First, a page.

The participation of Nigeria in the 6th edition of the GECF meeting in Doha, Qatar, shows the strategic position Nigeria occupies in the world in terms of gas as affirmed by the GECF Global Outlook. To put it succinctly, this puts a very significant responsibility on the shoulders of the government in driving this emerging global commodity to the zenith of significance in the life of the nation.
Sylva over the two and half years as Minister of State Petroleum resources noted that the only sustainable path to Nigeria’s diversification and industrialization is through natural gas. At the Doha Summit, Sylva said Nigeria must latch on the new momentum and growing global interests in natural gas to face squarely the direction of gas exploration.
He warned that the methodology must be different from the approach the nation adopted in oil exploration and exploitation in the past adding that natural gas should be a blessing to Nigeria and Nigerians and as such policies and robust investments must be sustained in this sector by the government.
It is instructive to note that from natural gas, several products can be obtained such as; Compressed Natural Gas (CNG) to power vehicles, Liquified Petroleum Gas (LPG) as domestic cooking gas, petrochemical, pharmaceuticals, plastic, synthetic, fertilizer, ethanol and a host of other chemical products and if Nigeria properly harnesses all these from natural gas, apart from helping to shore up its revenue base, the lives of the average Nigerian will be enhanced, with millions of jobs created.
As a matter of urgency, the Nigerian government must redirect its investments to gas, especially now that the global community is pushing oil majors across the world to divest from hydrocarbon exploitation in place of renewables such as wind and solar energy.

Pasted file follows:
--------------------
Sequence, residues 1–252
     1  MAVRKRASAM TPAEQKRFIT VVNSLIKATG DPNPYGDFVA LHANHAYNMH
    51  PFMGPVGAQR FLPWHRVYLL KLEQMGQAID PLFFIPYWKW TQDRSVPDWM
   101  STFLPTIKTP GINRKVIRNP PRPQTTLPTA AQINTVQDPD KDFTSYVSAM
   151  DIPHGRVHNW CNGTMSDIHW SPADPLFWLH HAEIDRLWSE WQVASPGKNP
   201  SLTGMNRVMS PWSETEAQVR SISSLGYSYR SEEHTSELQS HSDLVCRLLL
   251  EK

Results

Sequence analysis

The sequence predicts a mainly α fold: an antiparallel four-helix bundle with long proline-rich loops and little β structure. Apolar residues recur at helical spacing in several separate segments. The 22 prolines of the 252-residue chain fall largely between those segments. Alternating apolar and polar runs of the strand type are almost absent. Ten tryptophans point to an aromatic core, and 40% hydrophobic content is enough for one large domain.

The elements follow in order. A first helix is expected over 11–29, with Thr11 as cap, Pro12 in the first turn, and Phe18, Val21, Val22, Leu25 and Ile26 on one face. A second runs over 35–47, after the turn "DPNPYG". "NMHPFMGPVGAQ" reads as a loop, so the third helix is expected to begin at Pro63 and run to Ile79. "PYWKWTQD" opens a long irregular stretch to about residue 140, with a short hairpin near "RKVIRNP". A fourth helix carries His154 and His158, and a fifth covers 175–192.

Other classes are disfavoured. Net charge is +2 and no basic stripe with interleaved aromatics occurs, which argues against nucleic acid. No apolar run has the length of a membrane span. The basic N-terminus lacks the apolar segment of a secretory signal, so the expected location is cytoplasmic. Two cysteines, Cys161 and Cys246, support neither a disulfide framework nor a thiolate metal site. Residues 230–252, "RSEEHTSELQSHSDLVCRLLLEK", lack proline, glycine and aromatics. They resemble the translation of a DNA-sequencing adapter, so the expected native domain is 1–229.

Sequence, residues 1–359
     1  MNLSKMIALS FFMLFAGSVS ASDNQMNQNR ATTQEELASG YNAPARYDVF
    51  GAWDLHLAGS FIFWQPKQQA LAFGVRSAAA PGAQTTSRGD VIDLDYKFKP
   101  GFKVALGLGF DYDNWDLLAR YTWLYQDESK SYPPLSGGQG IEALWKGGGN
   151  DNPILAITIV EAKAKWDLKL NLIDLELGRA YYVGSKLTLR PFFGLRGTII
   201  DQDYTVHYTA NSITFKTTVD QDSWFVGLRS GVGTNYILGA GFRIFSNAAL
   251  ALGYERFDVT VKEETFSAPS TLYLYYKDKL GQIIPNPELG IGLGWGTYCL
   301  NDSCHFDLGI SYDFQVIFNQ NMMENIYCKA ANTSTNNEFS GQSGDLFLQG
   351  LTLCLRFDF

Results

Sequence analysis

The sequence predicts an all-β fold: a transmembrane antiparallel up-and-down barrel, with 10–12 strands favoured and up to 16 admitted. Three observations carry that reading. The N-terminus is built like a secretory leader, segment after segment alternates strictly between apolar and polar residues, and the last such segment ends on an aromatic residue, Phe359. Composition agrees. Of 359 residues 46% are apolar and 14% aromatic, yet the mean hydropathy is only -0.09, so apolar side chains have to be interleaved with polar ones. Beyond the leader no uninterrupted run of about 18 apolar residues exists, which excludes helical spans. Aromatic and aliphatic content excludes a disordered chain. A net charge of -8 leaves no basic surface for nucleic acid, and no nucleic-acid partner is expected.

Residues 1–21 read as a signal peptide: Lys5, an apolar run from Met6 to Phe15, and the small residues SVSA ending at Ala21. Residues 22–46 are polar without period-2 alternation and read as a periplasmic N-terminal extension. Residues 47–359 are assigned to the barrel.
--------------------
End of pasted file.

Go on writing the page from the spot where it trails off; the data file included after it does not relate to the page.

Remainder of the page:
Gas as transition fuel
In the midst of the clamour for divestments by the western nations from hydrocarbons, it is however refreshing to note that the global community has switched gear to begin to classify gas as part of the clean energy mix that will help as transition fuel. This is the opportunity that the Nigerian government needs to cash-in on in pushing huge investments in the direction of natural gas.
Sylva, with the support and guidance of President Buhari who doubles as the Minister of Petroleum Resources, has been in the vanguard of pushing for investments in this direction.
In 2020 as a mark of commitment to the gas project, the federal government lunched the Decade of Gas and this gave traction to the foundation laying ceremony of Nigeria Liquified Natural Gas (NLNG) Train 7, in Bonny, Rivers State, the crystallization of the Ajaokuta-Kaduna-Kano popularly referred to as the AKK Gas pipeline project, the Auto-Gas project that will see Nigerians having alternative source of fuel to power vehicles in the form of CNG, as well as the National Gas Expansion Programme (NGEP), designed to deepen domestic gas penetration in the country are some of the clear commitments on the part of the federal government in deliberately directing investments in natural gas exploitation.
At the global fora, the GECF has reemphasized the commitment of member countries to their long-term partnerships with buyers across the globe, for the sustainable supply of natural gas and coupled with the decision to sustain long-term natural gas contracts, are to say the least “the best mechanism to ensure security of supply and avoid potential energy crises”.
Horatius Egua, the Senior Adviser (Media and Communications to Minister of State Petroleum Resources, wrote this piece from Abuja.